U.S. Pilgrims Make Trip to India for ... a Hug

She attracts crowds of hundreds of thousands. And more and more Americans are drawn to her simple message of love and acceptance and public service, leaving their lives behind to follow her all the way to the tiny village in southern India where she was born.

It's 5 p.m. on a Saturday and Mata Amritanandamayi Devi has been hugging people for six hours. It will be midnight before she finishes for the day.

Hugging Saint
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During that time she will not use the bathroom, will not stretch her legs, will not take a break to eat. She will simply hug.

Known as Amma, which means "mother," Devi has hugged close to 30 million people around the world, earning her the nickname "the hugging saint" and making her a spiritual superstar.

When she is not traveling around the world, Amma lives in her ashram, or religious retreat, called Amritapuri, located in the same South Indian village where she was born into a poor fishing family 56 years ago.

As Amma's fame has skyrocketed, Amritapuri has become a place of pilgrimage. As many as 5,000 people now live here and hundreds of thousands visit every year.

"It's Amma's heart that's drawing everybody here. It's like a mecca, a place of divine love," said an American woman called Kusuma, who with her family is among the hundreds of Americans who spend much of the year here. Born Gretchen McGregor, Kusuma was first inspired to visit in 1983, after seeing a photograph of Amma.

"Her eyes were so alive," said Kusuma. "I just couldn't put her face out of my mind and I felt that I had to come to meet her. And when I told my family that they were a little bit shocked, they were like, 'You're going where to see who? What? Indiana?'"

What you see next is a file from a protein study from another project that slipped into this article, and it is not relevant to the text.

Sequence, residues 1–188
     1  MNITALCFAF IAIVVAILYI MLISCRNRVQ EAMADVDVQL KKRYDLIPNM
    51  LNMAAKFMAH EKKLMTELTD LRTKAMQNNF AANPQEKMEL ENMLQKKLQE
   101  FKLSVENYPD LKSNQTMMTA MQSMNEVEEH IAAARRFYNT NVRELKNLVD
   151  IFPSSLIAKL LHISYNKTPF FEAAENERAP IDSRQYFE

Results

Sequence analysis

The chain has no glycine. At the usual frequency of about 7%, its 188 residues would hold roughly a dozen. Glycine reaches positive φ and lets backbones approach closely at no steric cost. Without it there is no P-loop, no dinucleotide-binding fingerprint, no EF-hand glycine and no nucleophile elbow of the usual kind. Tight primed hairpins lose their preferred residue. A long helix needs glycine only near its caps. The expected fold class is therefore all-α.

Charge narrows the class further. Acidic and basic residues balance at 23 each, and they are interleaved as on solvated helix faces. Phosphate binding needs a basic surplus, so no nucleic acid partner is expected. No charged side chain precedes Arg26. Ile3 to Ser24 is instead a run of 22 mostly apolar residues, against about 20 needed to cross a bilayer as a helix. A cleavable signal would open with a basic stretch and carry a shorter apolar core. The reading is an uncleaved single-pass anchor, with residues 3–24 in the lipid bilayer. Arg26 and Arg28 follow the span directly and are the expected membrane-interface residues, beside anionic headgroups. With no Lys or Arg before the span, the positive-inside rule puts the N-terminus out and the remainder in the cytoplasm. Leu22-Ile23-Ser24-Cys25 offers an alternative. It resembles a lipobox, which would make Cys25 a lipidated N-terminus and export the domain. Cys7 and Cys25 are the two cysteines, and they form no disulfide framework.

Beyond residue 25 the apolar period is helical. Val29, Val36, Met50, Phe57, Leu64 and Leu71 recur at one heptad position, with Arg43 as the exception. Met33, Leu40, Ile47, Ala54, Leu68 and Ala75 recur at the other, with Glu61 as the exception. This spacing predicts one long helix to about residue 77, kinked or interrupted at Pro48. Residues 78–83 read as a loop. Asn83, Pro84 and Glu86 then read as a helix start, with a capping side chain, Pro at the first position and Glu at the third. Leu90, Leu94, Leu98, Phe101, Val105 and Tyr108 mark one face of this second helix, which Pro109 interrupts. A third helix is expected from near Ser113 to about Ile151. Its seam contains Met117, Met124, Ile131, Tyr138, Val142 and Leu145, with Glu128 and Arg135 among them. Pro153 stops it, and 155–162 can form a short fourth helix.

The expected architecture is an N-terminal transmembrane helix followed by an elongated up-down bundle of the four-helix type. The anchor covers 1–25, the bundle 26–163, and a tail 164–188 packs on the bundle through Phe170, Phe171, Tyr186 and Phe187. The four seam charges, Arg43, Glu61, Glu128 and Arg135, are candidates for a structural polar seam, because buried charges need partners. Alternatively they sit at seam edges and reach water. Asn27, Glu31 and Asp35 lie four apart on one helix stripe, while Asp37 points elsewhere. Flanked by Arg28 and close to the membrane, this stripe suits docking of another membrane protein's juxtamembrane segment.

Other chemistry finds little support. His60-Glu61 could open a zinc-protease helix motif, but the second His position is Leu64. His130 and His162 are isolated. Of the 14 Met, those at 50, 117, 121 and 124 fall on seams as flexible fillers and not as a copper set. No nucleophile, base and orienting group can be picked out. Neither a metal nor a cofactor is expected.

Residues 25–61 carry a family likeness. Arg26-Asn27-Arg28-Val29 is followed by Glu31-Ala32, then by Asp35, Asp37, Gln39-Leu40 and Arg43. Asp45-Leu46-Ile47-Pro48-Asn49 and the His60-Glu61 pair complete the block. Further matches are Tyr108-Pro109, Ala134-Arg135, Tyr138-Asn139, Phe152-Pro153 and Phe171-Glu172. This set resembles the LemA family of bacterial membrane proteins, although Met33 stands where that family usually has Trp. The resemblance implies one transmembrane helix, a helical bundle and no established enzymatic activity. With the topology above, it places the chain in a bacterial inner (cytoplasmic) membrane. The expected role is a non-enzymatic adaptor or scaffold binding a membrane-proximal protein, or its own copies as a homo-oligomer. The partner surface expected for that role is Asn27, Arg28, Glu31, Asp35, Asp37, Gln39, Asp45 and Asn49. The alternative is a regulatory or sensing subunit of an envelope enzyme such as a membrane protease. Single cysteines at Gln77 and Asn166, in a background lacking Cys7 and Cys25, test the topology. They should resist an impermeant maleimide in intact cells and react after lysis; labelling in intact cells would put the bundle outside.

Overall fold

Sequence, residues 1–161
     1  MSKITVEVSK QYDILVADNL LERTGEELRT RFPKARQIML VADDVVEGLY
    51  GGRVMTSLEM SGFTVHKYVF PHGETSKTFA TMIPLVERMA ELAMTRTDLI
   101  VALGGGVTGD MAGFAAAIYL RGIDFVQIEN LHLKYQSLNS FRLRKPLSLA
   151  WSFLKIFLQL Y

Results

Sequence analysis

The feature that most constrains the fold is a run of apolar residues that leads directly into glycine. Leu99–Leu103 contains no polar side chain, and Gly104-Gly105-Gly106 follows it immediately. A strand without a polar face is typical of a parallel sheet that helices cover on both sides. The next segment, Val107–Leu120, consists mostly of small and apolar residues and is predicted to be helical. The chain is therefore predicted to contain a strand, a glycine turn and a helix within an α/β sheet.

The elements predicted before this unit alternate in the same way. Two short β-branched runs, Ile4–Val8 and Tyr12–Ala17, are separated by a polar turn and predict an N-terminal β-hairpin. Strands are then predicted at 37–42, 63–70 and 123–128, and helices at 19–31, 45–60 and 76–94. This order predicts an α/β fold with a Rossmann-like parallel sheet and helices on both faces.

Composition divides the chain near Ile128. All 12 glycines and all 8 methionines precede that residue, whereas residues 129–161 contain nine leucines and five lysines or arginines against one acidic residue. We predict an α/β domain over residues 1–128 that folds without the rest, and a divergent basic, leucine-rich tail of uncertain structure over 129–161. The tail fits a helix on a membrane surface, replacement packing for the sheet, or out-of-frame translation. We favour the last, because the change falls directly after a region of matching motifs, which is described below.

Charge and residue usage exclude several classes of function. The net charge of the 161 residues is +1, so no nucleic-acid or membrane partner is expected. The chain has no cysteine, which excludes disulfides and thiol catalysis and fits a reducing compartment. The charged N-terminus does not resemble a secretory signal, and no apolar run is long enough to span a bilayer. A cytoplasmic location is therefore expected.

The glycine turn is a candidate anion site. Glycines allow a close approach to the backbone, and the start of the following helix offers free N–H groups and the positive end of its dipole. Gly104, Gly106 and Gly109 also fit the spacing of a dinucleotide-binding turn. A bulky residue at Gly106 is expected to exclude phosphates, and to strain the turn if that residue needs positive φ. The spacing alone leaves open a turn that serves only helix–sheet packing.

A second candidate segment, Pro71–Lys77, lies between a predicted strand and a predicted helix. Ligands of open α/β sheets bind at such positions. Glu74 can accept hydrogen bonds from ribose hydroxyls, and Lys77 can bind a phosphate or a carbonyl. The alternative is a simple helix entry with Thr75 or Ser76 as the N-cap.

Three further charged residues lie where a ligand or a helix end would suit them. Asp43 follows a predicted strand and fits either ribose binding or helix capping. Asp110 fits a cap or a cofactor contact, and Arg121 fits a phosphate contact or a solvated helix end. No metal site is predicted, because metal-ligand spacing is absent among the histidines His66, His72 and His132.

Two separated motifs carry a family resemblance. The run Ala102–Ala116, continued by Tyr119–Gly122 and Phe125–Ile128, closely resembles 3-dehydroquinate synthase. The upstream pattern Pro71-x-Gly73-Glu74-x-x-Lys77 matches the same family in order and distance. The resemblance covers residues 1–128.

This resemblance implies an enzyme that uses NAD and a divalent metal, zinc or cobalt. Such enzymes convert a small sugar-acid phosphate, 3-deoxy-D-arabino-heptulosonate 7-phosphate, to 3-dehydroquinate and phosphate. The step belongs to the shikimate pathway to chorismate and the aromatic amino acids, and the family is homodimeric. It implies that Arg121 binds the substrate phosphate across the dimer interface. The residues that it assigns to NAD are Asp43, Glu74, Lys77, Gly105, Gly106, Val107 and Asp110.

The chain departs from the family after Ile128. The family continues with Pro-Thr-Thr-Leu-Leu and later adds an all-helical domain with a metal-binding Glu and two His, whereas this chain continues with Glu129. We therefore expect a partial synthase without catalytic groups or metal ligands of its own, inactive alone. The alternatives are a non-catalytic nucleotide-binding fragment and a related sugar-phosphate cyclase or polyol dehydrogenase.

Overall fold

Kusuma says her life changed forever when she saw Amma heal a person with leprosy.

"And I knew of course the story of Christ healing the leper, and I felt like something, um, that I couldn't explain had happened, and I needed to understand it somehow. ... And she looked at me like Amma does, you know, so simple and she said, 'You want to know the miracle.' And I said yes. And she said, 'The real miracle is that you have the same power inside of you and you don't know it.'"

Amma: 'To Me She's the Universe'

Life at Amritapuri is simple. People follow a vegetarian diet and there is no smoking or drinking. Residents are encouraged to participate in at least two hours of voluntary work, known as seva, every day. During free time, activities such as meditation, yoga and chanting are popular.

Gloria Sutton, who goes by her spiritual name, Kavya, has been following Amma for 14 years. "This is my first guru," she said. "She has encouraged me to take further paths, further my spiritual life."

Like many at Amritapuri, Kavya sees Amma as a divine being.

"Just recently I was in a very, very bad car crash in Southern California, and I passed to the other life. And I called out Amma's name and I came back," Kavya said. "To me she's the universe and my mother, so she's pretty awesome. She has the form of a woman but she's way beyond this, way beyond."

There are pictures of Amma everywhere you turn in Amritapuri: at cafes, in cupboards, on doors, even in elevators.

The local gift store is filled with Amma books, Amma rings, Amma watches, Amma CDs. There's even a monthly Amma magazine which, much like Oprah Winfrey's O, features Amma on every cover.

Californian Brian Harvey, known now as Gautam, was inspired to visit Amritapuri after hearing about Amma's charitable works.

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